‘PharManure’ and some drugs to hate the most

Drugs that made this doctor's least-most-wanted list, presented at Internal Medicine 2012, included those that increase costs without improving care, or that raise the risk of antibiotic resistance.

A lecture on newly approved medications is a common feature of medical conferences. Not as many session speakers also update you on the drugs they hate the most.

But during the “Advances in Therapy” precourse at Internal Medicine 2012, general internist Christopher L. Knight, MD, FACP, offered his perspective on both topics, as well as describing some new uses for old medications.

Dr Knight
Dr. Knight

Drugs were likely to make his “PharManure” list if they increased health care costs without improving care. Offenders included intravenous acetaminophen, the new spray form of zolpidem, co-pay coupons for branded minocyclines, and new combinations of older drugs, such as ibuprofen/famotidine and naproxen/esomeprazole.

“Last I checked you could get a big jar of naproxen pills and a modest thing of omeprazole for less than $110/month,” said Dr. Knight, who is an associate professor of medicine at the University of Washington in Seattle.

On the other hand, some new uses that researchers have found for existing medications could prove to be cost-effective. Starting with the least expensive, a recent study found that a placebo, when dosed open label, provided slight improvement in irritable bowel syndrome (IBS). The lesson isn't that you should give all your IBS patients placebos, said Dr. Knight. “But when your patient comes in and tells you something is working, you should listen to them if it doesn't cost a thousand dollars.”

Patients might also be talking to their internists about the new indication for tadalafil (Cialis). The drug is now FDA-approved to treat benign prostate hyperplasia, based on a study that compared it to tamsulosin. “Interestingly, there was greater quality of life improvement with tadalafil,” Dr. Knight said, to laughs from the audience. This new indication may ease the pre-authorization process for the drug, he added.

Quality of life improvement was also seen in a study of selenium for treatment of Graves' orbitopathy. Based on that and reductions in eyelid aperture, the drug seems like a good option for patients with this specific condition, but not those with Graves' disease and no eye problem, or everyone in general, given other recent findings.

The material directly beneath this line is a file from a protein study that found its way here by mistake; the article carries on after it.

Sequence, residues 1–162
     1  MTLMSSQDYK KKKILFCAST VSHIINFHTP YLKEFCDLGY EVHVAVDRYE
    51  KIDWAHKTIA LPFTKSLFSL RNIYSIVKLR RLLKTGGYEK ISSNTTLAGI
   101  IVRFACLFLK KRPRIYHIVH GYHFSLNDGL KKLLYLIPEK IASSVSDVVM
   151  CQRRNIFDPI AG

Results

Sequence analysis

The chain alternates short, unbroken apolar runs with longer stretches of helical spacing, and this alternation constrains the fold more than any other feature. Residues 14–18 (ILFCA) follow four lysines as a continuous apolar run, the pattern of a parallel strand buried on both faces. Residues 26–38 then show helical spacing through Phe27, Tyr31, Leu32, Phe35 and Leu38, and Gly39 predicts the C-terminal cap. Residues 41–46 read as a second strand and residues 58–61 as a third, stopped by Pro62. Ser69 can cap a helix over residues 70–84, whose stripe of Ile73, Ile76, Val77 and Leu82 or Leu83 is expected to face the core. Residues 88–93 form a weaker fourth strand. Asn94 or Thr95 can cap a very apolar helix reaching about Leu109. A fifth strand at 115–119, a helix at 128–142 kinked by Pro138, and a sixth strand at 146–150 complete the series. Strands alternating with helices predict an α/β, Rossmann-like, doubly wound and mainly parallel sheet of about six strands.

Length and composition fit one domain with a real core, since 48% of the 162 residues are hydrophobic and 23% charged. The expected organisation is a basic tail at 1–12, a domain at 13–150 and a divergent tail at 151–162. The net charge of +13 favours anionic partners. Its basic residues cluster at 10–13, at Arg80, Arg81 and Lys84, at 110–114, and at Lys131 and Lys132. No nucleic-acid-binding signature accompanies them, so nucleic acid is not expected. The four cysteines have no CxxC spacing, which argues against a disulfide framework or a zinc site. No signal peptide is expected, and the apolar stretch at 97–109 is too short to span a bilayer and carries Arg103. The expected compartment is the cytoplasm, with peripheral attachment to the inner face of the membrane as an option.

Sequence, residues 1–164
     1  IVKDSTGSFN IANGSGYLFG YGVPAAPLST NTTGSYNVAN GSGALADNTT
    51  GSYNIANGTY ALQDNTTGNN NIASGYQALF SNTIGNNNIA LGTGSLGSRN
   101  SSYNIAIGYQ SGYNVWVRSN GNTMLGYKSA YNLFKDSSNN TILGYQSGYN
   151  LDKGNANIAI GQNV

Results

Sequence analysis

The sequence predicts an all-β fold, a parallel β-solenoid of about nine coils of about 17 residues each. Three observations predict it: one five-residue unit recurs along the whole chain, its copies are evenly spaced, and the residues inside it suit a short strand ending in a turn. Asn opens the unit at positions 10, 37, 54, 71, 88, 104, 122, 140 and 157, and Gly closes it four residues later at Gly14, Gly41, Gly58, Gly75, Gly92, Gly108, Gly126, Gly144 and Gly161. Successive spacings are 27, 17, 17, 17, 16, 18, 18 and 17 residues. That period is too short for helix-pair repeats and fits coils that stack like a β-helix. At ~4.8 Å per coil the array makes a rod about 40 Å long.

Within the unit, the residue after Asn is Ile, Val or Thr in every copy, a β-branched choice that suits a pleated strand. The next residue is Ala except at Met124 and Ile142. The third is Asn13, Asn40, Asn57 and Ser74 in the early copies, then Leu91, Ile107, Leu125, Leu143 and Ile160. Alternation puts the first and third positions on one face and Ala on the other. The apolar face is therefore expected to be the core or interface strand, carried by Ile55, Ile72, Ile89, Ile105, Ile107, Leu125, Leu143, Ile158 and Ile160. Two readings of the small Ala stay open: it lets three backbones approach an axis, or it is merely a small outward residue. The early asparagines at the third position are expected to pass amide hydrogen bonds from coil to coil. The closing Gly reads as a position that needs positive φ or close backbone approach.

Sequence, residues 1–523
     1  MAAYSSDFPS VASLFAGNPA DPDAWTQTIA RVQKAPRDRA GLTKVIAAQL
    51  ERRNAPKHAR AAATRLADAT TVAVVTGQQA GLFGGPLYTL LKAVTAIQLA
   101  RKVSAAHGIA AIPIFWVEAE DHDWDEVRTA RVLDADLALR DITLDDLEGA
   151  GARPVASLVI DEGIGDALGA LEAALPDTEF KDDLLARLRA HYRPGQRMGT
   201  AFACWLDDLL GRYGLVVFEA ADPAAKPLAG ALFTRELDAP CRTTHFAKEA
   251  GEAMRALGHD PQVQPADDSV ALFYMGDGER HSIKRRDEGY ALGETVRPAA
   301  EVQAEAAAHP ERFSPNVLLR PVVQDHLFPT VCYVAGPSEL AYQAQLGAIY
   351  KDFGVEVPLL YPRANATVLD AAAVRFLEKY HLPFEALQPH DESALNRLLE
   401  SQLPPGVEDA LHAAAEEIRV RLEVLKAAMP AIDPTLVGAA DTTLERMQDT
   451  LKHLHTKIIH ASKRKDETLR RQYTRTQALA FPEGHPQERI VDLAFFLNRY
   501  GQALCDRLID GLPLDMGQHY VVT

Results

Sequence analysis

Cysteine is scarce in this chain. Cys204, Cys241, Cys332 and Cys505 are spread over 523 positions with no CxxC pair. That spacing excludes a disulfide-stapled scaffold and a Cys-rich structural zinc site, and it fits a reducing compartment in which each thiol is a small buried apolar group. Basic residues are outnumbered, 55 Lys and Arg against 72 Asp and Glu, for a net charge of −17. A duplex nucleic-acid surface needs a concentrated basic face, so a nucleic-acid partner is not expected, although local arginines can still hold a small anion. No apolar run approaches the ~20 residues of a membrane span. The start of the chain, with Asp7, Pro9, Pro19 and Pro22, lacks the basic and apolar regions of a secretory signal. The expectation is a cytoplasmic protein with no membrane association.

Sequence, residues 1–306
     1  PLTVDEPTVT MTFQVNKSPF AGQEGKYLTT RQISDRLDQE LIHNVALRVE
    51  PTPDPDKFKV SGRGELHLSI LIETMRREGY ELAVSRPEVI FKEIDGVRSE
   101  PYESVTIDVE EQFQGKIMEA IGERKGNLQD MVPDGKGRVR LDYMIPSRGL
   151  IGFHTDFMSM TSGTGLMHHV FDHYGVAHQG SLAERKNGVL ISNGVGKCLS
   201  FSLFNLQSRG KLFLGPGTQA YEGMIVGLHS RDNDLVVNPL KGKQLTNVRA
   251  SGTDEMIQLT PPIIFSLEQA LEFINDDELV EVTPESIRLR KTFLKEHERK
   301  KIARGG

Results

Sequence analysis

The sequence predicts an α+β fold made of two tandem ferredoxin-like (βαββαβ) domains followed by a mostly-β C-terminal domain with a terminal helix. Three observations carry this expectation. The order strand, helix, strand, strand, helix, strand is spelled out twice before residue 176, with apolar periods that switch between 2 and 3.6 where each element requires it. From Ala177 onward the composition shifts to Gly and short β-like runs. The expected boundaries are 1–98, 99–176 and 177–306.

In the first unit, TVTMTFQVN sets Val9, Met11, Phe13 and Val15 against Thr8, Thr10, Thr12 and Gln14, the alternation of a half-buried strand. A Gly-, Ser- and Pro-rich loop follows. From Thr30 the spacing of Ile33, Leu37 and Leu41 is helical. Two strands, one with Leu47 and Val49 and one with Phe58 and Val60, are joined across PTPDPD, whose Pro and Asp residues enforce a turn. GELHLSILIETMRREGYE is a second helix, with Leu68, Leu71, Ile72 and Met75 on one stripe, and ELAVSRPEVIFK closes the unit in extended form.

“This study was published a month before another study saying that selenium is a heavy metal and shouldn't be in all kinds of supplements,” said Dr. Knight.

He also gave cautionary advice about two new options for treating chronic obstructive pulmonary disease (COPD). Roflumilast is a new drug that had no effect on exacerbations in the general COPD population but reduced them by 17% in patients who typically had more than one exacerbation per year.

Side effects included depression and anxiety, so physicians should be cautious with this drug in patients who already have mood disorders. “This is not something you use in people with garden-variety COPD,” Dr. Knight said.

One garden-variety antibiotic, on the other hand, was recently found to reduce COPD exacerbations. In a trial, azithromycin provided a 35% absolute reduction in exacerbations, but individual and widespread resistance is a concern. “I just worry about putting lots of people on antibiotics for long periods of time,” Dr. Knight said.

The risk of eventual resistance is also a concern with one of the new drugs he highlighted in the talk. Ceftaroline has proven to be effective against methicillin-resistant Staphylococcus aureus (MRSA), including isolates that are resistant to vancomycin.

“I love this drug. That said, I think there are good reasons we shouldn't use it,” said Dr. Knight. “You don't use a drug that treats vancomycin-resistant bugs; you save it.”